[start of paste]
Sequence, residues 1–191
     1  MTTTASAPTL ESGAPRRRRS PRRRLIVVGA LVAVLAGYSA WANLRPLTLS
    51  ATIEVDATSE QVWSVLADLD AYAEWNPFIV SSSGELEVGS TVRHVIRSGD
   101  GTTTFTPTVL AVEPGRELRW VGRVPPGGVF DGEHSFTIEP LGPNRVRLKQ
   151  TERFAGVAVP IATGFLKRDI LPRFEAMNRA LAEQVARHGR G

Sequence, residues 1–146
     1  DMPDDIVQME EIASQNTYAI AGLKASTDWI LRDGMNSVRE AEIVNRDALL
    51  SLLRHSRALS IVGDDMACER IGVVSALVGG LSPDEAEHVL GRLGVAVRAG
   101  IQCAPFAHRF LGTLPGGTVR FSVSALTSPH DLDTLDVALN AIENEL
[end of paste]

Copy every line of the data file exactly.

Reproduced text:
Sequence, residues 1–191
     1  MTTTASAPTL ESGAPRRRRS PRRRLIVVGA LVAVLAGYSA WANLRPLTLS
    51  ATIEVDATSE QVWSVLADLD AYAEWNPFIV SSSGELEVGS TVRHVIRSGD
   101  GTTTFTPTVL AVEPGRELRW VGRVPPGGVF DGEHSFTIEP LGPNRVRLKQ
   151  TERFAGVAVP IATGFLKRDI LPRFEAMNRA LAEQVARHGR G

Sequence, residues 1–146
     1  DMPDDIVQME EIASQNTYAI AGLKASTDWI LRDGMNSVRE AEIVNRDALL
    51  SLLRHSRALS IVGDDMACER IGVVSALVGG LSPDEAEHVL GRLGVAVRAG
   101  IQCAPFAHRF LGTLPGGTVR FSVSALTSPH DLDTLDVALN AIENEL